I don't recommend arriving in Pamplona during this Festival (while it makes interesting street fair market window shopping) if your goal is the Camino because the usual places to get Pilgrim Passports for the Camino de Santiago de Compostello are all closed for the week. It took forever to figure out how to get the passport credentials, which one needs to get into the cheapie hostels along the way. After asking clueless shopkeepers I found an information tourist center who gave vague if not useless directions. I went to the only place where they could be issued: the actual House of the Archbishop next to the main Cathedral in town. This gave me an opportunity to catch a Mass at the Cathedral which had the most divine singing by priests and monks who treat the Festival of San Fermin as a religious fete. It started out that way. Mandatory incensing of the statute of San Fermin mid Mass said-this guy was important leading me to wonder:
Who is San Fermin? This drove me to the googler and wikipedia (Trump's favorite legal authority). And I learned that he was a convert who became a priest and Bishop. He was martyred in Amiens France (where the current French President is from.) I have a new friend in heaven. That's why everyone is wearing a red scarf (red for martyrdom not for bull taunting). Why Bulls? Apparently his mentor, a close friend was also martyred by tying his feet together to a bull who dragged him to his death. Its been Saint Fermin's vengeance on the species ever since. Thus the sport of taunting and killing Bulls in the name of Saint Fermin. Anti-Bull racism running rampant, you could say. The blood of the martyrs is the unlimited cerveza of the church-or something.
After no sleeping on a bus all night, walking around wooden bull barriers to make it to Mass and walking about ten miles past the University of Navarro down beautiful grassy tree lined countryside I landed at an Auberge with wifi (hence I can make this post). I was at that point near heat stricken with the weight of my backpack crushing bones In my feet I feared. I am clearly not in shape for this adventure. My deeply sedentary legal job did not prepare me for this. There are serious athletic hikers here. One should seriously train. I make no excuse for being almost 57 (birthday on July 24-the vigil of the Feast of Saint James in Compostello-hence the call of the wild). There are older people here. You can do the entire Camino from Pamplona on a bike in about 15 days. Walking it takes a month.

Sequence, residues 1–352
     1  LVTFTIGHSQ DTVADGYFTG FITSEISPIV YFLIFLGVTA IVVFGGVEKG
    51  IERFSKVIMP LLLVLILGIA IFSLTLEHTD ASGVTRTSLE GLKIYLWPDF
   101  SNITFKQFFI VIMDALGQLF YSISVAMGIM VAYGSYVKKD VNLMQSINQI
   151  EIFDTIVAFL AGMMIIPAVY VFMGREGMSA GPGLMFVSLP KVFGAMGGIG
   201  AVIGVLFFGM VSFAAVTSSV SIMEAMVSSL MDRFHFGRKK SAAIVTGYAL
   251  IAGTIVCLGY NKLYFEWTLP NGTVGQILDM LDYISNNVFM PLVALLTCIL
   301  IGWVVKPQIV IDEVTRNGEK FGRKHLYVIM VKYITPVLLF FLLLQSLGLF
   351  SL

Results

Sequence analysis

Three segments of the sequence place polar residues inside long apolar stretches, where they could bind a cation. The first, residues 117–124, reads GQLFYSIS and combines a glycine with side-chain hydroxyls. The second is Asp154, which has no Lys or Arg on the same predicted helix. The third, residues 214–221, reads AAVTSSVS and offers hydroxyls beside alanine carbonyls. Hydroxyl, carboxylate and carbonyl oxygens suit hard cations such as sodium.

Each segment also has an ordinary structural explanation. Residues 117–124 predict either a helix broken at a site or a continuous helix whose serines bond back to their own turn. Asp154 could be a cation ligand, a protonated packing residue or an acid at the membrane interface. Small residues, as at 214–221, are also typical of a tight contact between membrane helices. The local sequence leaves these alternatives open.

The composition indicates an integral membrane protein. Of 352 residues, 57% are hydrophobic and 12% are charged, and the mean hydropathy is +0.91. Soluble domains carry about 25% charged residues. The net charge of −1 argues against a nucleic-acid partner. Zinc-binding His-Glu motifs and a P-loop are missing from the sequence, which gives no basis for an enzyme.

I don't recommend going in July (I have a break in contract projects so the timing worked for me but in future would turn it down in July) because of the oppressive heat/humidity and because everything is four times as expensive during the July-August period. A hostel normally 3 Euros is 12. If you walk for a month it ads up to the price of an studio apartment in DC just for lodging. Then there is food because its hard to keep up the stamina without eating, and emergency transport should you actually drop of heat stroke on the "way." I am doing a lot of "offering up" and hope I am getting hordes out of purgatory but somehow think this self inflicted penance isn't helping.
This is an enormous exercise in trusting God for guidance and miracles. He hasn't let me down yet while there have been some brief very scary heart palpitating moments. My bad pidgeon Spanish is enough to get me the basics but its woefully deficient for an actual conversation. One of my goals is to get the proper training to be able to speak fluently. My excuse is that catholic charities has already trained me as an asylum attorney and I should be able to speak real spanish for the Central American clients.
I find more French, Irish, Italians, Polish and Americans at the Auberge. Also, Spanish speakers want to impress you with their English. God, are you sure you wouldn't just prefer I take a class?
(If you are enjoying these travelogues and tips I encourage you to throw paypal bucks to www.paypal.me/cynthiabutler so I can keep doing this. If people show appreciation it encourages me to keep writing, hopefully soon a book and keeps me from sleeping in the mountains. In search of a sugar daddy I don't have to sleep with ;-) Living on air a prayer and a vending machine dinner ;-)